Objective: To review the current knowledge of common comorbidities in the intensive care unit, including diabetes mellitus, chronic obstructive pulmonary disease, cancer, end-stage renal disease, end-stage liver disease, HIV infection, and obesity, with specific attention to epidemiology, contribution to diseases and outcomes, and the impact on treatments in these patients.
Data source: Review of the relevant medical literature for specific common comorbidities in the critically ill.
Results: Critically ill patients are admitted to the intensive care unit for various reasons, and often the admission diagnosis is accompanied by a chronic comorbidity. Chronic comorbid conditions commonly seen in critically ill patients may influence the decision to provide intensive care unit care, decisions regarding types and intensity of intensive care unit treatment options, and outcomes. The presence of comorbid conditions may predispose patients to specific complications or forms of organ dysfunction. The impact of specific comorbidities varies among critically ill medical, surgical, and other populations, and outcomes associated with certain comorbidities have changed over time. Specifically, outcomes for patients with cancer and HIV have improved, likely related to advances in therapy. Overall, the negative impact of chronic comorbidity on survival in critical illness may be primarily influenced by the degree of organ dysfunction or the cumulative severity of multiple comorbidities.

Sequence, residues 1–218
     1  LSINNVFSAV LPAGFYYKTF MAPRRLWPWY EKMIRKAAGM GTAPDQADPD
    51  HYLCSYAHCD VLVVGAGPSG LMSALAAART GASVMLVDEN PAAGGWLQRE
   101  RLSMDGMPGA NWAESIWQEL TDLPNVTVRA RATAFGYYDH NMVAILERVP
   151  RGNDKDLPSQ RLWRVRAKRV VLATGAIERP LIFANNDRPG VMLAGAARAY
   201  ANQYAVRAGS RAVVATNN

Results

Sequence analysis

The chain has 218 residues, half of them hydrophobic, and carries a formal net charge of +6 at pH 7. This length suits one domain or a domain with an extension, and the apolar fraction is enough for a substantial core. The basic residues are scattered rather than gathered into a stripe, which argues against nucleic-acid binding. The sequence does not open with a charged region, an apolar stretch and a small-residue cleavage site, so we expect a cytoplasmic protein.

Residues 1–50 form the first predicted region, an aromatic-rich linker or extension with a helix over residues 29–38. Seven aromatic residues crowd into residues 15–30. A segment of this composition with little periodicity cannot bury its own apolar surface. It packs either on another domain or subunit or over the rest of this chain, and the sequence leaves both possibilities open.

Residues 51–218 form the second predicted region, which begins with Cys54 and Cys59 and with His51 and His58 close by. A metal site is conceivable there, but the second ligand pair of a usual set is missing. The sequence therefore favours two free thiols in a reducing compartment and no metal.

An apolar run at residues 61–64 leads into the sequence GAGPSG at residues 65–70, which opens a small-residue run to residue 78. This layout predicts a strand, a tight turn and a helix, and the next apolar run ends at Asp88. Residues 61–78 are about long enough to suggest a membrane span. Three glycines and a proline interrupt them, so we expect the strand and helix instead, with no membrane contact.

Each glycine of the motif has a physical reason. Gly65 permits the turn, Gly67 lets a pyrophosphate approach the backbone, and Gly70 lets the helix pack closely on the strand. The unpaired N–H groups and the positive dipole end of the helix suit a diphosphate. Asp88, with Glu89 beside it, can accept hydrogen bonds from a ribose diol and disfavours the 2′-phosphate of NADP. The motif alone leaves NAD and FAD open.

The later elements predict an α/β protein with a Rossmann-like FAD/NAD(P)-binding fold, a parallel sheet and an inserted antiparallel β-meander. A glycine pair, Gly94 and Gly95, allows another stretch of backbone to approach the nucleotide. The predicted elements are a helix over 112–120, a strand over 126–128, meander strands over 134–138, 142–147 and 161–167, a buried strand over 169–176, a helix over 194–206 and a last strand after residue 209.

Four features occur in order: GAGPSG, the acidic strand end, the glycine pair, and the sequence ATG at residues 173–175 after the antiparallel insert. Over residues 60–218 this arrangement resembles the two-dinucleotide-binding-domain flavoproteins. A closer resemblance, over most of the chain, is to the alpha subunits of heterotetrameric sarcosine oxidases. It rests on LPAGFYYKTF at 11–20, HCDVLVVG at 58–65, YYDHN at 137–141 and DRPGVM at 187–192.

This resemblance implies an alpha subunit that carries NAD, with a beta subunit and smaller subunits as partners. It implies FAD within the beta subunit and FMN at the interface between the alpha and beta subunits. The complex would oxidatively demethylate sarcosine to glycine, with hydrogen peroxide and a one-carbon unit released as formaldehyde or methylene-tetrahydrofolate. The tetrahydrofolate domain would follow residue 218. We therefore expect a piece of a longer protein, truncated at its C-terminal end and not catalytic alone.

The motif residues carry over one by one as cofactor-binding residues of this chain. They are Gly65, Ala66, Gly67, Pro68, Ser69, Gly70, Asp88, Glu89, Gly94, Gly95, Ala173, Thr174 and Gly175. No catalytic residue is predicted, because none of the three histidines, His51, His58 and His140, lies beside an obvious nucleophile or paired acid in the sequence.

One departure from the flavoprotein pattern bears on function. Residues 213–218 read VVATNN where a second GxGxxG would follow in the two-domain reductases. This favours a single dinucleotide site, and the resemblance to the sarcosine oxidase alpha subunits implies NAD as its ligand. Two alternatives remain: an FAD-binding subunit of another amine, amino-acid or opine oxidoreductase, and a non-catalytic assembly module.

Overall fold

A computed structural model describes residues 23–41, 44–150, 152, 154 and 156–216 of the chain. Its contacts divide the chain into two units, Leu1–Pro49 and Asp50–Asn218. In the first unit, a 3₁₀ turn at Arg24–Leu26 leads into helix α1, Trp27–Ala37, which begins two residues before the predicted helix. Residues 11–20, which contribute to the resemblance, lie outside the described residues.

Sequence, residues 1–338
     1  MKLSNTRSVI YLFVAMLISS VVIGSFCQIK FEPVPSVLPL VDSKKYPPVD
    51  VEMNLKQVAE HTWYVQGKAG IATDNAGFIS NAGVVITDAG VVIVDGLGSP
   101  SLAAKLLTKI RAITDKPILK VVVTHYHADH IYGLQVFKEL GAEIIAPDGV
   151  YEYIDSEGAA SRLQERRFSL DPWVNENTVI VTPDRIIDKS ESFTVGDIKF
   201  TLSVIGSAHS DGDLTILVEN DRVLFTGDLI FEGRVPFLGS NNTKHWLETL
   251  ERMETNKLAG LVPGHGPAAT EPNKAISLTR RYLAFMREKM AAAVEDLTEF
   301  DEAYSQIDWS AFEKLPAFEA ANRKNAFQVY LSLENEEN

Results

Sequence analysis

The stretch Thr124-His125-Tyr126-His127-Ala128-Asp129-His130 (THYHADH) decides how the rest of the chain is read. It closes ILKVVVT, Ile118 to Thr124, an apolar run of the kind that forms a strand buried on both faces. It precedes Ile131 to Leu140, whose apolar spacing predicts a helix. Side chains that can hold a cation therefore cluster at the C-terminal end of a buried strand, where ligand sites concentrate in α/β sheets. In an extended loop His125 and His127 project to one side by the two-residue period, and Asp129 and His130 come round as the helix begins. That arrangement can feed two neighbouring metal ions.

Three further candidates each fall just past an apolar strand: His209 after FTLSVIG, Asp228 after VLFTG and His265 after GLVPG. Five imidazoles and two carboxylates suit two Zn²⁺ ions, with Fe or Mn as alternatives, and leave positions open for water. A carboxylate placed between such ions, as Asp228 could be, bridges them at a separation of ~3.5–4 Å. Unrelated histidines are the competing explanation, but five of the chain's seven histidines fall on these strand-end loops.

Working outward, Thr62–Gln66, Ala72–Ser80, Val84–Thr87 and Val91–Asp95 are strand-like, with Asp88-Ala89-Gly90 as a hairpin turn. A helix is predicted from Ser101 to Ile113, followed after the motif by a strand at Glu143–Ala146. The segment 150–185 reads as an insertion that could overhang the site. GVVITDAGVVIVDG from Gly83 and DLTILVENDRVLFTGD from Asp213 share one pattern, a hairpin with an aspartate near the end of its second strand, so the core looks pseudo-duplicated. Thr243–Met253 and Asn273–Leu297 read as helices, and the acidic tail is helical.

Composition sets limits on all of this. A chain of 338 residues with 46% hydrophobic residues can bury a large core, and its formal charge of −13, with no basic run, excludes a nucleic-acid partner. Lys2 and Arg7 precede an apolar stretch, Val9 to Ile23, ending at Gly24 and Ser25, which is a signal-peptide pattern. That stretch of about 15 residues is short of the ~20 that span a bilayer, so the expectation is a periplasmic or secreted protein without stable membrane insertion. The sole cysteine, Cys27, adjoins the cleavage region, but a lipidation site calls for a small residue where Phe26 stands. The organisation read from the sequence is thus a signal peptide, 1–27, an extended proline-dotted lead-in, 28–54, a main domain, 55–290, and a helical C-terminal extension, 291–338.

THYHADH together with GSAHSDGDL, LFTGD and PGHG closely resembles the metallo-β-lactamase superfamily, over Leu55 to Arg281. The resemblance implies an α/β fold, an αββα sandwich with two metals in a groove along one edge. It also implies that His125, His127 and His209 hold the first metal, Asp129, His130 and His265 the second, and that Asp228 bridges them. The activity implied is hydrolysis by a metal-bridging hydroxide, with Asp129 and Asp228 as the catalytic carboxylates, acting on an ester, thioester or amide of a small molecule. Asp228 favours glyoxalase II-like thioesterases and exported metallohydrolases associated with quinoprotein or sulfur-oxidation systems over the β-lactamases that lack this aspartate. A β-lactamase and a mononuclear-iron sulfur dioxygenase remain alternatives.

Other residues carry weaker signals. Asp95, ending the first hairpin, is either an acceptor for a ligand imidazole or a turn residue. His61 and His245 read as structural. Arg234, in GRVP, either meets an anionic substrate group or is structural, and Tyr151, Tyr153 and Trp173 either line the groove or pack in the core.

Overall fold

Conclusion: Chronic comorbid conditions are common in critically ill patients. Both the acute illness and the chronic conditions influence prognosis and optimal care delivery for these patients, particularly for adverse outcomes and complications influenced by comorbidities. Further work is needed to fully determine the individual and combined impact of chronic comorbidities on intensive care unit outcomes.